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When she landed her first job as a case officer in Asia, her station chief saddled her with “ridiculous” paperwork and assignments. “Jamaica had a notorious reputation as the agency's dumping ground, a dead-end post for misfits and losers.” )Another time, Brookner was close to recruiting a critical target she’d been developing for six months when her station chief was removed.The new chief arrived and wanted someone else to recruit the target. You say, ‘Let me think about it.’ Then you come back in calmly and say, ‘I thought about it, and this is why I think I should make the recruitment.’ He was still reluctant, but when I did it, I succeeded—and it made him look good,” she says.“Some of the instructors down there misbehaved and made sexual advances to the students—and they were rebuffed, of course—but the students were just trying to get through this very intense program,” she says.“They tried to push all the women into becoming analysts. That was ,” says Janine Brookner, who joined the CIA in 1968. When a new boss came on board, Brookner wrote a memo summarizing her contacts and their access to information. “He was one of the few men in the agency in those days where it didn’t matter whether you were a man or a woman; if you could do the job, he would use you. Not only did I do well there but he made sure everybody at headquarters knew about me.”Brookner once made a deal with a division chief: She’d work in his station for a couple of years, and if she did well, he’d make her a station chief. ’ He said, ‘You could go shopping.’”Brookner ended up accepting a station chief position that “none of the guys wanted...because of the dangers and problems in the station and in that country.“I insisted on going into operations.” She says she was one of six women in her 66-person officer training program. By the time my next chief of station got there, I knew people from the presidential palace all the way to the Communist Party. When it came time for that promotion, he offered her one of two undesirable positions in Latin America, where she’d have no chance of being promoted and no operations to oversee. But it was the only one I could get, and at least we had operations and a staff.” (While she cannot say where she was posted, .Once, a colleague was told she needed to show more executive presence should stop dominating meetings.“You can act like a man, but you’ll be judged like a woman,” Bennett says.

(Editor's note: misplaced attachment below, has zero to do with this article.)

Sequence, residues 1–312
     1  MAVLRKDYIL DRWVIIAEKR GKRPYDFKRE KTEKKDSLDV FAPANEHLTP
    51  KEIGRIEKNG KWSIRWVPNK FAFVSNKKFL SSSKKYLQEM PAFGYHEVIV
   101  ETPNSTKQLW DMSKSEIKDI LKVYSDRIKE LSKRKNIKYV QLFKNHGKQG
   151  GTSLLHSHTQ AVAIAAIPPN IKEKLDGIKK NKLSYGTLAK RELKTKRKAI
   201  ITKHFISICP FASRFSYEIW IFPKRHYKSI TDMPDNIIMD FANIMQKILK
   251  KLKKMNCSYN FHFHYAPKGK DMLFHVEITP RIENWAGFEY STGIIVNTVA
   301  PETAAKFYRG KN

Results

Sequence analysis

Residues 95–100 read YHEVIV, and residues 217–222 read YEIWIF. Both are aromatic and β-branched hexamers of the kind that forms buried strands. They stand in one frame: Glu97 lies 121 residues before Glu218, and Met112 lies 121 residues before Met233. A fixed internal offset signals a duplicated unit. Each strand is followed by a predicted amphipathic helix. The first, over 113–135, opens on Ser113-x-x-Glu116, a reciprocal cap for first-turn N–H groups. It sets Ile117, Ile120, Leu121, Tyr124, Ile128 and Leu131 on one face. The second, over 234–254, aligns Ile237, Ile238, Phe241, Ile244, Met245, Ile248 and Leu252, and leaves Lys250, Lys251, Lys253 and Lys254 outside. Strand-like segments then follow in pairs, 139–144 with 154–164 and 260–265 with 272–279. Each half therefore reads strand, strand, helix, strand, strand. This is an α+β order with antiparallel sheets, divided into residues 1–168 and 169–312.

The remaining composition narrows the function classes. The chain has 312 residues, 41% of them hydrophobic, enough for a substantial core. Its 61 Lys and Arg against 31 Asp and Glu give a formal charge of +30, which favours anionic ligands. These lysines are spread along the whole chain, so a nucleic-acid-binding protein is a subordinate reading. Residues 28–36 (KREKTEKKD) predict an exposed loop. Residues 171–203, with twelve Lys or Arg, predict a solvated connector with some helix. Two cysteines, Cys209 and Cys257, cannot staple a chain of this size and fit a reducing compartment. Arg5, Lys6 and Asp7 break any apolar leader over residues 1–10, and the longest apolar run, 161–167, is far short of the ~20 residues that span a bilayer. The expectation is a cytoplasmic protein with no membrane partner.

Even so, the agency has a long history as a chauvinistic old boys’ club rife with sexism. Perhaps hoping to combat this misconception, the CIA granted access to seven women from all parts of the agency, including a clandestine operations officer, a bombing expert and a weapons and space analyst. One was the first CIA officer to come out as gay and Despite their extraordinary accomplishments, these women have faced double standards and sexism, and for some, success has come at great personal cost. Thanks to Hollywood’s clichés, the American public has been largely kept in the dark about Virginia Hall, who joined the OSS in 1944, organized sabotage operations across France, mapped drop zones, and helped POWs to safety—all while disguised as an elderly female farmhand and with a prosthetic leg she named Cuthbert.
She briefed Secretary of State Condoleezza Rice while in labor and has brought newborns to the office so she could lend her expertise during crises. So I say, ‘My job is to worry for you.’” She laughs again. We’ve got bad things going on out there.”At a time when the country may be just weeks away from electing its first female president, many Americans still have no concept of who’s keeping them safe—and that women play a critical role in that effort.
(After the Africa embassy bombings, Bennett’s boss, who loved babies, whisked away her 3-week-old daughter for hours while Bennett typed up a cable. Some may think CIA women were confined to the counterterrorism unit that pursued Osama bin Laden, which gained extraordinary attention after his death.
Her fifth child, a girl, was her “Fallujah baby.” Keep up with this story and more .
Ever since British secret agent James Bond appeared on film in the 1960s, Americans have been entranced by covert spies leaping onto moving trains moments after bedding exotic babes, or military-grade muscle men slicing through society’s criminal underbelly with the latest guns and gadgets. Bennett wrote the first report warning of Osama bin Laden in the early 1990s, years before 9/11, and she was one of the six women in the CIA’s “band of sisters” that tracked down bin Laden and inspired the 2012 thriller . ’ And I’d say, ‘I’ve got a list of nine, and I rotate through them,’ because there were just so many bad things that could happen, whether it’s a loose nuclear weapon or North Korea deciding they gonna lob one over….